Q: On Schedule K at Line 1, what does the $201,887 represent?
A: The $201,887 is the company's ordinary business income reported at Line 22 on Schedule 1065, which is the quasi-income statement on the first page of Form 1065.
Q: Why are the costs on uncompleted contracts categorized under depreciation?
A: Schedule M-1 is a fixed format schedule. The accountant has little flexibility in entering data. In this case, the Cost of Uncompleted Contracts must be recorded at Line 4 on Schedule M-1. If the accountant's software package had allowed it, he or she should have typed in a Statement that would be included in the set of Statements following the tax return schedules. We discovered this only by checking all the Statements and identifying this amount reported in the Federal Supporting Detail set of information.
Q: How do the adjustments to Schedule M-1 affect cash flow when calculating a DSCR for a borrower?
A: It depends on which income statement a lender uses. If it uses Schedule 1065, the quasi-income statement on the first page of Form 1065, then these adjustments play no role in computing traditional cash flow, i.e., in computing net income plus non-cash charges, and a DSCR using only income statement information.
However, if the lender uses these adjustments – as we'll see in Sessions 6 and 7 – to construct an accrual income statement, then the amounts for net income and for depreciation expense will change, which changes the computation of traditional cash flow and the computation of an associated DSCR. Further, traditional cash flow and debt service coverage ratios based on income statement information can only be computed properly from an accrual income statement and not from the quasi-income statement in the business income tax returns. This is a point we explore and clarify in Sessions 6 and 7.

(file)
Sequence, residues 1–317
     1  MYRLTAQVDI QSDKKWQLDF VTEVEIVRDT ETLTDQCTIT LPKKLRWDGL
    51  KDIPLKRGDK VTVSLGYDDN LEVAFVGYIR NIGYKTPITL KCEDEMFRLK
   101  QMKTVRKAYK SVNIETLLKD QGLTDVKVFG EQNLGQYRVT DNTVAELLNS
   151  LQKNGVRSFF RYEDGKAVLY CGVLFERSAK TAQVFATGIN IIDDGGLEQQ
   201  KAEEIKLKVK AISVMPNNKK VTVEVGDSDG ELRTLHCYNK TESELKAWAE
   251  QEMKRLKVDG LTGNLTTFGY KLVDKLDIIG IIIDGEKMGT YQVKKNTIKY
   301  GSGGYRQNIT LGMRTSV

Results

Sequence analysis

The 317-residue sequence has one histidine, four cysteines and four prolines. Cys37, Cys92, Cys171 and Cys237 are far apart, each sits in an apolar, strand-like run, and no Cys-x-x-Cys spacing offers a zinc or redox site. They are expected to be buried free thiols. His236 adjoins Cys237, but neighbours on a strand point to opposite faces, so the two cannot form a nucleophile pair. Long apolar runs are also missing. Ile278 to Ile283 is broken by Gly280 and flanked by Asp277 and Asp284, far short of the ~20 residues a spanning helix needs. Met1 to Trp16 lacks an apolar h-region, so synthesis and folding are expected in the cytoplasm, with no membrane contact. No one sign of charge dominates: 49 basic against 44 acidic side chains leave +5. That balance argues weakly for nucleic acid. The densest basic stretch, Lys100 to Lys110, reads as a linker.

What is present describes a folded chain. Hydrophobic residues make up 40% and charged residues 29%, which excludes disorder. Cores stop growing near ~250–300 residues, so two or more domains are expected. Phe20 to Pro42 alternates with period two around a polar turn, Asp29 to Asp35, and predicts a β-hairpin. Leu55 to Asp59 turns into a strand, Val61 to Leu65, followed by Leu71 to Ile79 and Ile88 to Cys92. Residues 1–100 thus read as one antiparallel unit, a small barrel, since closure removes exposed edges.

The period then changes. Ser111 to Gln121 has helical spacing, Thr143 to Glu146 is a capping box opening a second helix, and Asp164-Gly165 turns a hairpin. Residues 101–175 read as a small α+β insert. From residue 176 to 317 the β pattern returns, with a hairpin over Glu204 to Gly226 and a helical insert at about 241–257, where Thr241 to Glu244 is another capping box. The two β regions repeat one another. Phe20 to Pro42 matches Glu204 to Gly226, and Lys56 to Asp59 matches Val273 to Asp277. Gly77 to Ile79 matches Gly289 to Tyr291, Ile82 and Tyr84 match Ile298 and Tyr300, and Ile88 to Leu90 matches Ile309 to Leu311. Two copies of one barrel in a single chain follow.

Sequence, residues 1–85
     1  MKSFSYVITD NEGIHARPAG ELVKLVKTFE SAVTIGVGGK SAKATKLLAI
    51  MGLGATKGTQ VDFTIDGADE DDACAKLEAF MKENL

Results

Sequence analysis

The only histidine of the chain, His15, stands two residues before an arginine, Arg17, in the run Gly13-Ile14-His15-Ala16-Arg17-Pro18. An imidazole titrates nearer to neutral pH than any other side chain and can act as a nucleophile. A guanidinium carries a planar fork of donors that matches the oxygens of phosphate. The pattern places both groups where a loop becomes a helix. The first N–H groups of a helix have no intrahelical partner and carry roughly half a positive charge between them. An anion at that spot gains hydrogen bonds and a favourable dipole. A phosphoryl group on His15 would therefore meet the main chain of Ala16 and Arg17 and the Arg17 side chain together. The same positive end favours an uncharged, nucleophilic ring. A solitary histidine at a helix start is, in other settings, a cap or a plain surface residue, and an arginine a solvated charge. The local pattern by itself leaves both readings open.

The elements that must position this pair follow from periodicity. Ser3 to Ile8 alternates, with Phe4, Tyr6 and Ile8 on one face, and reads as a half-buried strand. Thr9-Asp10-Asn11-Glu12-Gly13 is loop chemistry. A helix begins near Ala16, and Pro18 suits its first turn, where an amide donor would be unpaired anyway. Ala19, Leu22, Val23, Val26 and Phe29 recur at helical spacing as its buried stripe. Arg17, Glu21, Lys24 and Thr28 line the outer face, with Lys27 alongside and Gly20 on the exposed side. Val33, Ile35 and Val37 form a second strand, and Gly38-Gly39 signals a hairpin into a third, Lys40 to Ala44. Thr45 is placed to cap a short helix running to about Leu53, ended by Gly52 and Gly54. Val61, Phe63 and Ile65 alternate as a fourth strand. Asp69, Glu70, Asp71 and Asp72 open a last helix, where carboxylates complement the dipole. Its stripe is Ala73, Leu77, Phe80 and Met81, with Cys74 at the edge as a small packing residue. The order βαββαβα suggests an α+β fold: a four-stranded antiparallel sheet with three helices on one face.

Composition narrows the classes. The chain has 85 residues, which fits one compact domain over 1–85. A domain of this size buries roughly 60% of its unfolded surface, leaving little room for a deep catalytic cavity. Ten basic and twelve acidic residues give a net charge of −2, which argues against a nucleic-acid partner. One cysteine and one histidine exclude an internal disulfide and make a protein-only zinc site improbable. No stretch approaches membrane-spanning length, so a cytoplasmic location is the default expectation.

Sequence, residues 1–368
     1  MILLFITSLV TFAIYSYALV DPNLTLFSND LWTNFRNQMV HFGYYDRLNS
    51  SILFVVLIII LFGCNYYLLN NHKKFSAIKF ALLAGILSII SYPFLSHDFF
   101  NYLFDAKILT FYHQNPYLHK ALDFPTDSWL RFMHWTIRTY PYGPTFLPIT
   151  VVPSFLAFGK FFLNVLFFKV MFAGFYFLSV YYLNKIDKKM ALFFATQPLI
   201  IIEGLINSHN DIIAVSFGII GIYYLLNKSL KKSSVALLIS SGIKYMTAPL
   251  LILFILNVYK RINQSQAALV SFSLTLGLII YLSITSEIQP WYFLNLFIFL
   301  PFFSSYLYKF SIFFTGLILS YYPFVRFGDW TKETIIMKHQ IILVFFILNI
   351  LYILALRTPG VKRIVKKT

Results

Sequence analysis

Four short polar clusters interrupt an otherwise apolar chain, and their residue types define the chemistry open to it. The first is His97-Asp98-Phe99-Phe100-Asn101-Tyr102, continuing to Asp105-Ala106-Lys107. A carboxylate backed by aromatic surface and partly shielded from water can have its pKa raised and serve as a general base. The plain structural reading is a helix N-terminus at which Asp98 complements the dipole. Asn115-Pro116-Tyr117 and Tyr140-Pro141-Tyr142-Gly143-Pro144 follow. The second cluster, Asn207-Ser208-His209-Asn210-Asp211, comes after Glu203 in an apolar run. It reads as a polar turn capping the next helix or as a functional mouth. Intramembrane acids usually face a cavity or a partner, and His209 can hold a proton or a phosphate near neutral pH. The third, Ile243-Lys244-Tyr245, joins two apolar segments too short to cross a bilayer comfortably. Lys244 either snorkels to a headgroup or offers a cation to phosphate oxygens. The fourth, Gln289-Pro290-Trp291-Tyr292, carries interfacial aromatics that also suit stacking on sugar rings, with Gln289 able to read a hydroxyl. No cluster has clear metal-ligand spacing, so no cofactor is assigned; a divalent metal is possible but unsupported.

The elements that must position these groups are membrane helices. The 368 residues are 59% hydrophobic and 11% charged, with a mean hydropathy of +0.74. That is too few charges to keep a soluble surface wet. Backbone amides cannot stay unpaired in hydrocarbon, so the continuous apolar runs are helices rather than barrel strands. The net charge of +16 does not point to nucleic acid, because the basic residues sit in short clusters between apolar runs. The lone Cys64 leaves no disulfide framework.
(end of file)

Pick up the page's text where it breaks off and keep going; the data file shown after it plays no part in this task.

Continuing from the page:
Note, too, that with an accrual income statement, Schedule L, and information from various Statements can we construct a full UCA cash flow statement – an issue we explore in Sessions 6 and 7 – which then allows us to identify actual debt service coverage for a period in question.
Q: When we are calculating global cash flow where we include the shareholders personal income, do we add back the Section 179 expense?
A: Adding back the Section 179 Deductions is a common error. The Section 179 Deduction does not play any role in determining net income or depreciation expense for a pass-through organization such as an S Corp, a partnership, or an LLC. Further, a shareholder's personal cash flow statement is not touched by the Section 179 Deduction. It plays no role in determining a guarantor's personal cash flow surplus or deficit.
However, if one of the related parties in a global cash flow scenario is a C Corp, the Section 179 Deduction is bundled with depreciation expense on the business income tax returns and must be removed in computing business "cash flow'. On an S Corp's accrual income statement, however, there is no Section 179 Deduction reported in any expense category. An accrual income statement is free from the Section 179 Deduction.
Course overview: Schedule M-1 and the Accrual Income Statement